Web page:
Renowned photographer Rankin has captured the extraordinary kindness shown by British Red Cross volunteers who helped in last year’s emergencies in London and Manchester.
The UK terror attacks and Grenfell Tower fire caused significant loss of life, and led to one of the largest humanitarian responses by the British Red Cross in the UK since World War Two.
In a unique photoshoot with Rankin, the charity has paid tribute to some of the remarkable acts of kindness shown by volunteers who helped in these times of crisis.
Over 1,000 British Red Cross volunteers worked alongside the emergency services and in solidarity with the local community in the aftermath of the UK terror attacks and Grenfell Tower fire last summer.
They provided first aid at the scene; gave emotional and practical support at rest centres; helped people who were bereaved or searching for missing loved ones at friends and family centres; managed a 24-hour support line; and sorted through 200 tons of items generously donated by the British public.
The charity also launched three major fundraising appeals within a month and organised the One Love Manchester benefit concert in collaboration with singer Ariana Grande, raising over £28million in total for victims.
“The horrific events in Manchester and London last summer were truly shocking for our nation. But even during these most terrible of times we also saw the extraordinary power of human kindness as the country came together to help in any way they could,” said Zoë Abrams, Executive Director at the British Red Cross. “In the wake of these devastating incidents, ordinary Brits were moved to give not only to donate money or goods, but also to share their time and their talents to help those affected by these emergencies.”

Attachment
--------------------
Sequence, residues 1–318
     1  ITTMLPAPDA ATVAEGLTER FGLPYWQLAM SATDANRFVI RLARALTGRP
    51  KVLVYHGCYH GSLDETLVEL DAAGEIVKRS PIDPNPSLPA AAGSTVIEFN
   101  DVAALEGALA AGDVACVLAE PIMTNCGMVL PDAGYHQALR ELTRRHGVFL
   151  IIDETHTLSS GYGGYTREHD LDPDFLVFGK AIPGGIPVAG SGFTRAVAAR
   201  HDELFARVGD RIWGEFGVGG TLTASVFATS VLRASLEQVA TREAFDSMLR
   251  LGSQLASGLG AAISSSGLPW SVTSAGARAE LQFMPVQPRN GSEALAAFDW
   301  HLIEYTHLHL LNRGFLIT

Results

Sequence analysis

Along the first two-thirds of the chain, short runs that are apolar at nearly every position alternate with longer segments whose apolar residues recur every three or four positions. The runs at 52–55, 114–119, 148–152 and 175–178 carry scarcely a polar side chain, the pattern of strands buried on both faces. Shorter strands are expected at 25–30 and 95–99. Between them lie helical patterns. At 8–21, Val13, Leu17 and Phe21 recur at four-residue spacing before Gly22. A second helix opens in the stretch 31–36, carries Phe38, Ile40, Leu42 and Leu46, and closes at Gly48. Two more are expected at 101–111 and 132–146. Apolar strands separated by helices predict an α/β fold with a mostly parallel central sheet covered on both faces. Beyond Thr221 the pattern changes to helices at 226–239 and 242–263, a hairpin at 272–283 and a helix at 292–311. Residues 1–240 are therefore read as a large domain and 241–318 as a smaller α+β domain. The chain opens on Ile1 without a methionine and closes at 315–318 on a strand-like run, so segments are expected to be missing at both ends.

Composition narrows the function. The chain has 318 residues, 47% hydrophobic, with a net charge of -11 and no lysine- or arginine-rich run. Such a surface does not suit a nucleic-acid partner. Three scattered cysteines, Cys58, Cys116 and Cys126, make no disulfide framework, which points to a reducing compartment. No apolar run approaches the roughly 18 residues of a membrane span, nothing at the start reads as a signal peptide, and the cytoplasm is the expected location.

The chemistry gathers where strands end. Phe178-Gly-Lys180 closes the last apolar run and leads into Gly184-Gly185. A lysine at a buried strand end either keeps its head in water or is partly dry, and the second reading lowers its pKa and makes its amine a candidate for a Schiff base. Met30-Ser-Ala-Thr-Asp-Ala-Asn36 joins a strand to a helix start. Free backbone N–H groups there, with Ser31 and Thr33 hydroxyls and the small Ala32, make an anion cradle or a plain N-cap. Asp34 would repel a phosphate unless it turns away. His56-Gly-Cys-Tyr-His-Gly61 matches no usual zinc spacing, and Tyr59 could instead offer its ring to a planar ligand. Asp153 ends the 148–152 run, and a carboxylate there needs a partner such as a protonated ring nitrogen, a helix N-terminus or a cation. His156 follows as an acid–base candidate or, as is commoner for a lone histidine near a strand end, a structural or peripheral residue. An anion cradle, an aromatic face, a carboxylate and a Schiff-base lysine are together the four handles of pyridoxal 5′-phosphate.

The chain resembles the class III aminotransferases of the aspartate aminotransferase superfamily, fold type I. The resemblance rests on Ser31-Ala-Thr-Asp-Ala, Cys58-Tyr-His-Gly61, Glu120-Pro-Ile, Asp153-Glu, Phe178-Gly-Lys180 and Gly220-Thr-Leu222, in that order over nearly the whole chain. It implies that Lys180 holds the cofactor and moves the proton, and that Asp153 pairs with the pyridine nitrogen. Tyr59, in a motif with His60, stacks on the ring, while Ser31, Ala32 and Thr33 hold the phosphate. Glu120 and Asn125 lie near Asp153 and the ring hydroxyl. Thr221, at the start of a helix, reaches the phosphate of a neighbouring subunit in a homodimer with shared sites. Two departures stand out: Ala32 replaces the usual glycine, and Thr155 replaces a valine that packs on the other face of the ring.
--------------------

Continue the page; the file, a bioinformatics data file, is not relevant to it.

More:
Laszlo Kelemen, 33, an intensive care practitioner from London, has been a Red Cross volunteer since he was 15, starting in his home country of Romania, before joining the British Red Cross two years ago. He was part of the charity’s response to the London Bridge attack, Grenfell Tower Fire and Finsbury Park attack, providing psychosocial support to those affected.
“The Red Cross is part of who I am. Like many other people who live in London, and across the UK, I couldn’t believe the horrific series of incidents that unfolded last year,” Laszlo said. “Before last summer I felt like someone who just lived in London but now I feel that I’m part of this city because I was able to help. I’ve experienced its very worst but also its best.”
Click here for more information about the British Red Cross.